Working in the trenches just got easier with the new range of pipe lasers from Spectra Precision. Designed to fit around tighter inverts, the Spectra Precision DG813 and DG613 deliver the most productive pipe laying experience in the market. They are extremely rugged and thrive in demanding underground conditions. Benefitting from the latest technology developed by Spectra Precision, the beam moves quickly and accurately for alignment and grade. The top of the range model, DG813, comes with a smart Spot Finder, which the laser can align to automatically and can also calculate the grade - great for checking previous work on a second day set-up.
Simple to use, with the new menu driven user interface, the DG813 and DG613 help you improve efficiency and provide unprecedented performance and reliability.
The DG613 and DG813 are available through the Spectra Precision Dealer Network in Europe, the Middle East and Africa since November 2015 and will be, mid February 2016, in the Americas and Asia Pacific region.
For more information, please visit www.spectralasers.com
Active Products announce the re-launch of their latest AP ProSeries rechargeable spotlight with CREE LED that now offers 350 lumens for the same price.
Supplying some of the UKs largest retailers and builder’s merchants, Active Products have built an established reputation for producing high quality, sensibly priced products and are best known for the creation of the original AP Torch lighting range created in 2003, followed by the introduction of the premium AP ProSeries range featuring CREE LED in 2009.
The AP ProSeries offers a versatile range of hand-held lighting; all built with the latest CREE technology, a three-year guarantee and consistently attracts five star reviews from both professionals and domestic users who strongly rate the products balance of performance, durability and affordability.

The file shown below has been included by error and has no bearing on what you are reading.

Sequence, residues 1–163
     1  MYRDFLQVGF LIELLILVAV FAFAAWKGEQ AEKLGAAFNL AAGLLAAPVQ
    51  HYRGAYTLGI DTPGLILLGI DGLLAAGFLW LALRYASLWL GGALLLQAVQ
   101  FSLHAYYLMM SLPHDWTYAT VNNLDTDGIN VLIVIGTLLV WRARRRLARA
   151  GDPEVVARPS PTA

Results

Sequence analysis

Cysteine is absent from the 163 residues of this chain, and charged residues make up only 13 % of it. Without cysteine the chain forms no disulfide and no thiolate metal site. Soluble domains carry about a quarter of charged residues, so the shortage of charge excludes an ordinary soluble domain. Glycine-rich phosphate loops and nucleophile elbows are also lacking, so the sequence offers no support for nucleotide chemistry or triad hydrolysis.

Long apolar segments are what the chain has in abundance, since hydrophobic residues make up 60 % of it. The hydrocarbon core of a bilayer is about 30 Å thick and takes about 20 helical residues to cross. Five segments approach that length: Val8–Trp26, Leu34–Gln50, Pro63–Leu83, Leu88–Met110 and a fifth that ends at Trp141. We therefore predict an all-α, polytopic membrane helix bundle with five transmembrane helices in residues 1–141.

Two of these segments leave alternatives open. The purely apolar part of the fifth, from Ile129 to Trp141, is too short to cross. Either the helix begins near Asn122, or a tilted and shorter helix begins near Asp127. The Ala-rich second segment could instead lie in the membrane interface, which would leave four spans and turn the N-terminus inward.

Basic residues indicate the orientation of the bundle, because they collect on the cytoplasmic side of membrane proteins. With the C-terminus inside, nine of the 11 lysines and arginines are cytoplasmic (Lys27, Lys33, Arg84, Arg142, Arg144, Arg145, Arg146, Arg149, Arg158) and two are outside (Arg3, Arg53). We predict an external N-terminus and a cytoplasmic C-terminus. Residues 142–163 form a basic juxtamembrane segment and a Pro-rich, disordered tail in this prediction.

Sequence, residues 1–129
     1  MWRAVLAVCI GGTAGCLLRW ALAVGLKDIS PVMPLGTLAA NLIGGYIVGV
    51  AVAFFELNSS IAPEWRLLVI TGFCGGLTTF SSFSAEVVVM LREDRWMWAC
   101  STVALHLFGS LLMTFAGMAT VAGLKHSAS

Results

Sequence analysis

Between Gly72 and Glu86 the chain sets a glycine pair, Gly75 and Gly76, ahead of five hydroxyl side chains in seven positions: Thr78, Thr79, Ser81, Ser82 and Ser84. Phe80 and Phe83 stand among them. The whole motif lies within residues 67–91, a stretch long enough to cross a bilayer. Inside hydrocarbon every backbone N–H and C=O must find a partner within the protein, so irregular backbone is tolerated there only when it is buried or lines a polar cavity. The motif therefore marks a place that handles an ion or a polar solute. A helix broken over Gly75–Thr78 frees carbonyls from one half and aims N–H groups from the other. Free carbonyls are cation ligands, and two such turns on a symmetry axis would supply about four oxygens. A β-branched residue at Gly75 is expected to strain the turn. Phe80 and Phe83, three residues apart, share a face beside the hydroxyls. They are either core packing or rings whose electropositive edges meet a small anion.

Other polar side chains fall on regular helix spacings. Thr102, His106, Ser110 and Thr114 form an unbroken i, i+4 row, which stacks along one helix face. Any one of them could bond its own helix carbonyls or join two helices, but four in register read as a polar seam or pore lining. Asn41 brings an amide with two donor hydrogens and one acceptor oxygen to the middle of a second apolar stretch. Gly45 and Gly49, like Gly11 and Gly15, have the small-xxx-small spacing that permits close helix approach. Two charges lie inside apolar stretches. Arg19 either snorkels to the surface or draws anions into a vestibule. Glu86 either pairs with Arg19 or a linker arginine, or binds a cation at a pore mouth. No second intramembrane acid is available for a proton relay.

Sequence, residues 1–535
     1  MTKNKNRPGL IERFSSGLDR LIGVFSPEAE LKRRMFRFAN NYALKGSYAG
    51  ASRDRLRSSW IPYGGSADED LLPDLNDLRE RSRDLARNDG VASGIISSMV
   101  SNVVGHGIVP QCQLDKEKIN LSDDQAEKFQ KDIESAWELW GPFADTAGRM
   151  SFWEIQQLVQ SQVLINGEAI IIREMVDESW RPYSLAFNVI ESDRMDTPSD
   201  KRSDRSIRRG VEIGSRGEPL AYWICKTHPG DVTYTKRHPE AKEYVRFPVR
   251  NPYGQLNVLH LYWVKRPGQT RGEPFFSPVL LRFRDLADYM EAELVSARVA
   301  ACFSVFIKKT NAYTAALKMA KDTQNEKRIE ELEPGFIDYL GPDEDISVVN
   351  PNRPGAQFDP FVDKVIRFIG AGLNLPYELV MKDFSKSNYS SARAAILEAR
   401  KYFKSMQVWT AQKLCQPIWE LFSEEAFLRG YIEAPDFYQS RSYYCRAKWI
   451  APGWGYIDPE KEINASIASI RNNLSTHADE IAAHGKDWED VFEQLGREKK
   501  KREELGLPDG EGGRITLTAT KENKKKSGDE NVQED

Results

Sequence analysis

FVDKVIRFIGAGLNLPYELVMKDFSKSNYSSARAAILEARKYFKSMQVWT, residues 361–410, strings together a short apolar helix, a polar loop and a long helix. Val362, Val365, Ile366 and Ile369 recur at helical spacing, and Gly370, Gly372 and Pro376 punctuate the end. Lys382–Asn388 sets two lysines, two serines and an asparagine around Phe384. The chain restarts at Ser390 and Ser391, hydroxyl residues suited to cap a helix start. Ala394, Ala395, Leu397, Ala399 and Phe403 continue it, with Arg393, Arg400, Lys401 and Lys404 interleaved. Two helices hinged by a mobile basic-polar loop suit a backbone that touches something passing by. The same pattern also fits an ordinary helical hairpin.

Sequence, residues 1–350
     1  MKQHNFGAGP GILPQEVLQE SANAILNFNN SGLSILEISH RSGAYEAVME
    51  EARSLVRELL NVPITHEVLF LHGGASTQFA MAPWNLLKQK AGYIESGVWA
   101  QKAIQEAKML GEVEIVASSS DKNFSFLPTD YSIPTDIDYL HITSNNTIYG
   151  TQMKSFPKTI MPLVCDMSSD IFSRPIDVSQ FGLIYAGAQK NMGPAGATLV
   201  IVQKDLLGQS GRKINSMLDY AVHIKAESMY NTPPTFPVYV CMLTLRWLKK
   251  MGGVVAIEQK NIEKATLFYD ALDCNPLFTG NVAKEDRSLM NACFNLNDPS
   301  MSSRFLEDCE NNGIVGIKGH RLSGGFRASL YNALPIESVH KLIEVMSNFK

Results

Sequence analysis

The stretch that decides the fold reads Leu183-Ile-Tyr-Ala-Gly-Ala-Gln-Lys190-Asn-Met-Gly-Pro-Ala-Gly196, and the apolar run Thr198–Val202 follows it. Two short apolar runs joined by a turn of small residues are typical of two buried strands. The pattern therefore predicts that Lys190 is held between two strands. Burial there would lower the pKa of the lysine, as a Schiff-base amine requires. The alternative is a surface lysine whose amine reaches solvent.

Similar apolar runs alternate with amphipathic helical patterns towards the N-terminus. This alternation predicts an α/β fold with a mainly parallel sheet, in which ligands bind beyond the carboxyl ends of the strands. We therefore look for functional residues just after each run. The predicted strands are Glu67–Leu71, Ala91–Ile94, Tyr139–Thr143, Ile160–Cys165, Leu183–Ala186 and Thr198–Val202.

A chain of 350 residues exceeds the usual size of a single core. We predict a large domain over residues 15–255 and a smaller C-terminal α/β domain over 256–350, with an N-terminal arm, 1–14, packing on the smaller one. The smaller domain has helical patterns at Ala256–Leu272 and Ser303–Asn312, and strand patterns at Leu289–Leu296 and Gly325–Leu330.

The rechargeable spotlight has recently been relaunched by Active Products, now offering 350 lumens versus the previous 220 lumens. This mighty spotlight also offers a line-up of superb benefits including beam distances up to 420 metres, fantastic white light brightness and brilliant beam performance from the sophisticated CREE LED bulb. Other features of this great all-rounder includes;
- Simultaneous flood to spot – provides flood & spot in one beam
- Adjustable stand for hands free operation
- Shoulder strap included
- Beam distance – up to 420 metres
- Water resistance – IP4 standard
- 1 metre impact – robust design to withstand 1 metre drop
- Battery life – up to 14 hours uses 6v rechargeable battery
- Durable & lightweight high grade.
“Our innovation pipeline is driven by demand from our retailers and consumers. With the hand-held lighting market showing strong growth and consumers demanding more power and more durability from their torches, and all at excellent value price points, our new 350 lumens, which RRP of £44.95 is a great example of achieving the important balance of high quality, superb performance and affordability.”
The AP ProSeries range can be found across a wide variety of DIY, Superstore and Mail Order companies and across the wholesale sector.
For more information regarding this product and the full range of AP Torches visit Active Products
Active Products (UK) Ltd
Barnston Warehouse, Chelmsford Road, Great Dunmow, Essex, CM6 1LP, UK
Tel: 01371 872842 Fax: 01371 877949 Website: www.active-products.co.uk
Report by Peter Brett
With 40 years of trading to celebrate, 2015 is an important year for THS. The Directors spoke of addressing the range of challenges facing the tool market with confidence. Perhaps one of the less challenging decisions was to organize the annual show at the new venue at Donington Park. The decision was, in the opinions of everyone I spoke to, a great success because it got the thumbs up for a wide range of reasons. For visitors, the warm space was welcoming and well lit and organised, with facilities like tea, coffee and snack food available on tap. There were a number of informal sitting areas where the free Wi-Fi could be accessed as well as a huge demo area for the people who just need to see the “hands-on” stuff. People like me for example!